Writers have trod the cobblestone streets in Edinburgh’s atmospheric Old Town for centuries, from Robert Burns, who last visited in 1791, to J.K. Rowling, who conjured some of Harry Potter’s adventures at the Elephant House coffee shop. On the itinerary is a literary pub crawl, the Book Lovers’ Tour, and excursions specific to Ian Rankin’s Inspector Rebus, Rowling’s young wizard (suitable for Muggles), and Robert Louis Stevenson’s Dr. Jekyll and Mr. Hyde. If you have time for only one site, make it the Writers’ Museum located in a seventeenth-century building reached by a narrow stone passageway. It’s packed with memorabilia related to a powerhouse literary trio: Burns, Stevenson, and Sir Walter Scott.
Before the Lost Generation scrawled in notebooks at café tables in the 1920s, avant-garde Paris attracted other expatriate writers, Oscar Wilde and Edith Wharton among them. It’s French scribes who have pride of place in the city, though, with house-museums devoted to Alexandre Dumas, Honoré de Balzac, and Victor Hugo, whose 1831 novel, The Hunchback of Notre-Dame, inspired readers to visit the namesake cathedral and save it from disrepair. A hardy trek to the top of the cathedral’s towers is rewarded with stunning views of Paris. Next browse the book stalls along the Seine, take the “Hemingway’s Paris” walking tour of the Latin Quarter to visit sites described in his memoir, A Moveable Feast, see a recreation of Proust’s unusual cork-lined bedroom, or dine at c. 1686 Le Procope (Voltaire’s desk is on display). Just don’t act like Oscar Wilde, who banged his walking stick on the table at Le Procope to attract a waiter’s attention.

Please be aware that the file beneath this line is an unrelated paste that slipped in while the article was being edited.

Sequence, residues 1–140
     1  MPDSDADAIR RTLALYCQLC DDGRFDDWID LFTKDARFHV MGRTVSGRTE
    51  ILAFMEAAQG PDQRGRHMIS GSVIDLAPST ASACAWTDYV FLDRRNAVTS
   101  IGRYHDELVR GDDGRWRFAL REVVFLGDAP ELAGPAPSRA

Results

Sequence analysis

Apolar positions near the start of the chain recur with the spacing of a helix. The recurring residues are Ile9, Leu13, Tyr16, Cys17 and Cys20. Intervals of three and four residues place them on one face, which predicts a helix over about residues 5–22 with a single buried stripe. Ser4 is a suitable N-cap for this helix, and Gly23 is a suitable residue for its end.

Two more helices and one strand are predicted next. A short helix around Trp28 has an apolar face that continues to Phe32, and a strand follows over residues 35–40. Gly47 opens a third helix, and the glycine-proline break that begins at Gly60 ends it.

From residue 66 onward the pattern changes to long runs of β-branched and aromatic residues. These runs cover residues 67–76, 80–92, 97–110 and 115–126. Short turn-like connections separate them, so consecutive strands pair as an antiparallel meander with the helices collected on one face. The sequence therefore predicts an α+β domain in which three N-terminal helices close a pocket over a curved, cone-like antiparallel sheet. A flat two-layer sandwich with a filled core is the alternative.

Immortalized by poet Matthew Arnold as “that sweet city with her dreaming spires,” medieval-era Oxford is home to the oldest surviving university in the English-speaking world. (Be sure to see the charming Alice in Wonderland-themed stained glass window at the university’s Christ Church cathedral.) Oxford is the territory of Colin Dexter’s Inspector Morse, one of Britain’s most popular contemporary sleuths. Follow in the inspector’s footsteps – including favorite bars such as the Bear Inn – on one of numerous literary-themed tours offered by the Oxford Tourist Information Centre. The creative spirit lingers at the Eagle and Child and the Lamb and Flag, two pubs where J.R.R. Tolkien and C.S. Lewis met with their literary group in the mid-twentieth century. Allow plenty of time at Blackwell’s Bookshop on Broad Street, an Oxford fixture since 1879, where the 10,000-square-foot Norrington Room alone houses more than 250,000 tomes on some three miles of shelving.